Old man and the grief

I arrived at this city six months ago. And from that moment I became instantly enamored, the way a ninth grader in a teen movie falls in love: fast, intense and riddled with insecurity.

To continue with this ill-constructed analogy, the city plays the part of the popular high schooler, slightly older, more experienced, surrounded by adoring worshippers who fight over lighting her medicinal cannabis. Obviously I play the new kid, dressed for the wrong decade, using unintelligible slang in a heavy accent and still wreaking of humidity.

And so begins our unlikely courtship. I attempt to resist her charms by clinging on to an old receipt from La Carreta, but it’s useless. The more I try to suppress my feelings for her, the more she showers me with explosive sunrises, ridiculous vantage points, breathtaking beaches, delicious food, incredible events and those impossibly tall palm trees scraping gorgeous blue skies.

As the plot goes, we eventually declare our love for each other, but before she can turn me into a vampire or trick me into eating poisonous berries, we get side-tracked by a villainous group, one I had never encountered before: Old Angry White Men.

In Miami, Caucasian males between the ages of 55 and 70 were exiled to the next county, but here in Los Angeles, they are the only ones that can afford mortgages, so they get to stay…and be very angry about it.

It’s a talent to be that pissed off all the time. I don’t know who else could turn every mundane moment into a shit storm of apprehension, rudeness, aggression and stupidity. They are brash and acerbic in everything they do – especially when conforming to social norms or waiting for their turn.

I recall a pensioner at Porto’s that pummeled his way to the bakery counter and instructed those around exactly where to stand. Then, at the Hollywood Bowl, another senior citizen lost his mind when music lovers were not in a single file line. And most recently, two elders who got into a verbal altercation at the Van Nuys Animal Clinic when one of them didn’t have their dog on a leash. Things turned scary when one of them threw a yellow caution-when-wet sign in the direction of the other old-timer, which happened to fly ever so precariously over my head.

What is wrong with these viejo verdes?

I have a few theories. First, I believe their anger has  everything to do with the census. As I’ve mentioned before, the only thing this dumb survey accomplishes is to scare white men by projecting that they will be in the minority, eventually being forced to eat beans and rice and learn Spanish. Second, they might’ve spent their youth jamming out to (Don’t Fear) The Reaper, but it seems to me that they feel the blade of the sickle on their necks, consequently shitting through their pants and on everyone around them. And lastly, after more than half-a-century of conforming to norms, working at bland jobs, trying their very best to control their ingrained instinct to sexually harass and racially profile, they realized that no one gives a fuck about them. No one is revering their efforts. No one finds them interesting or exotic. No one, from their off-spring to strangers on the street, has said thank you for existing.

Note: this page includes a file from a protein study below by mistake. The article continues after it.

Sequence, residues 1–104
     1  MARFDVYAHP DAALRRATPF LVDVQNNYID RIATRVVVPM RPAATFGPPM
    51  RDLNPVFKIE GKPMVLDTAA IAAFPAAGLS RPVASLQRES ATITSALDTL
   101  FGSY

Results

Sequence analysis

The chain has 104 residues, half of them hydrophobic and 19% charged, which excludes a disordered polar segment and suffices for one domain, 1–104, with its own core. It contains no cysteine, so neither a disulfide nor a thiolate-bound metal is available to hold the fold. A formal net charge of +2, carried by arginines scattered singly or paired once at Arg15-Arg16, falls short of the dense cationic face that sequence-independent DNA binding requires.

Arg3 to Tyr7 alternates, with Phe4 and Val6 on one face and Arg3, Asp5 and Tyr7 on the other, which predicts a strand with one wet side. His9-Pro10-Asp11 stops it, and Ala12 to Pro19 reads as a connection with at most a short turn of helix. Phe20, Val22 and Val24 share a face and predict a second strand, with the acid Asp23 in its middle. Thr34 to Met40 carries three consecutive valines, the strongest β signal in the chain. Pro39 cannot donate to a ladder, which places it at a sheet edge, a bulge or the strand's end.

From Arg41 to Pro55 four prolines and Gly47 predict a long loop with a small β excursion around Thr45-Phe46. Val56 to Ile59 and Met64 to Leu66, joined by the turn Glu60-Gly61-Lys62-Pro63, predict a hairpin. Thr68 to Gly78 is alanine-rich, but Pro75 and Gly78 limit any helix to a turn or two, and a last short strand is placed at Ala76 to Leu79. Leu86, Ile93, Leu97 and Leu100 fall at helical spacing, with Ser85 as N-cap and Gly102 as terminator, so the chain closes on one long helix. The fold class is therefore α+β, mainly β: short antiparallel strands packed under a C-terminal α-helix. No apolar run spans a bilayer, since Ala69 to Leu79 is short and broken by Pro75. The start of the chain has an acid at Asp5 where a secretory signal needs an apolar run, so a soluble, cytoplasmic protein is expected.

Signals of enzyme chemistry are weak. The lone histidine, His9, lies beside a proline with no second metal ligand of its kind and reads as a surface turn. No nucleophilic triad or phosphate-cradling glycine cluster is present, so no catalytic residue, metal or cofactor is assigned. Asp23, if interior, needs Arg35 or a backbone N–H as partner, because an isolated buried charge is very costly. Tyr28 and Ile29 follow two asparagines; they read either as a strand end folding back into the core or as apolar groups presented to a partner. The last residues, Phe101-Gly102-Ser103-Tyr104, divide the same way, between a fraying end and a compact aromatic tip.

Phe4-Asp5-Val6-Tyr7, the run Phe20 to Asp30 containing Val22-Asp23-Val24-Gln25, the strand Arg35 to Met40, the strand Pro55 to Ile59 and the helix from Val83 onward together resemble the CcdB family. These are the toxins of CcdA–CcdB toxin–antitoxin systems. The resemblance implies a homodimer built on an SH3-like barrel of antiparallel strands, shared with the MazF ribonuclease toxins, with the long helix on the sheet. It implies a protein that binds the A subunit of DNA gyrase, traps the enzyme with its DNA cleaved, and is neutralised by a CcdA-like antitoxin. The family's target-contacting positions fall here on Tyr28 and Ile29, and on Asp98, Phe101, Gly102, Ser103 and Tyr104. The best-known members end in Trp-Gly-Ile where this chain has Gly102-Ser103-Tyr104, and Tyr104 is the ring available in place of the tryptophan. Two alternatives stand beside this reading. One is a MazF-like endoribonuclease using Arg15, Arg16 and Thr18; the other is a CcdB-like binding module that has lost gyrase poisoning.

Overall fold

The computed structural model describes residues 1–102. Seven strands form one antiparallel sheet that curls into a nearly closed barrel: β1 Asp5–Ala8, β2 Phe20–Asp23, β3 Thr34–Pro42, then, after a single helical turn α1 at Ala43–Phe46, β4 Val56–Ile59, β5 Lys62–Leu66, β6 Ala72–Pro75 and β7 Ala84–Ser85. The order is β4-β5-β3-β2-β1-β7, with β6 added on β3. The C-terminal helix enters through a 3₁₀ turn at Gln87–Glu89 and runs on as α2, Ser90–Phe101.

As a result, they are running rampant throughout Los Angeles county and destroying my ridiculous and far-fetched love story. It’s as if Old Man and the Sea is playing out in the middle of Pretty in Pink, it’s not a good look and an awful mash-up. So, in an effort to curb some of this cockblockage, I’ve written an ode to old white guys of the greater Los Angeles area:

Hey white mature man, you are special. Your silvery-dandruffy-thining hair is very attractive and the lines on your face tell the riveting story of your legendary athleticism in high school or your ability to work at the same job for thirty years. Your crisp khaki shorts tell me that you are in charge of your life and can easily maintain your Costco membership status, two things that are impressive to everyone you come in contact with. The shade of your skin is alluring, like an unscented bar of soap from a Days Inn. And no one, absolutely no one, is going to round you up and send you away, or shoot you without consequence, or pay you less than what you deserve, or deny you admittance or housing. None of those horrible things will happen to you.

However, if you are looking for purpose, perhaps a legacy to leave behind before the reaper finds you, use your anger to fight for those that do have those horrible things happen to them. I bet more people would like having you around if you did.

Now, please, leave me and Molly Ringwald alone.

Advice from a dead white guy.








Hearing in paired: Absinthe

Over the span of two months, I’ve dedicated 10 blog posts (including this one) to pairing the first 10 sips of a drink to the perfect 10 songs. Today, this series culminates with 10 sips of the infamous, formerly-banned absinthe and it tastes like ambient music and electronic pulses.

From reading Hemingway, I learned many things, including how to drink absinthe:

     “Have another absinthe. Here, waiter! Another absinthe for this señor.”

     “I feel like hell,” I said.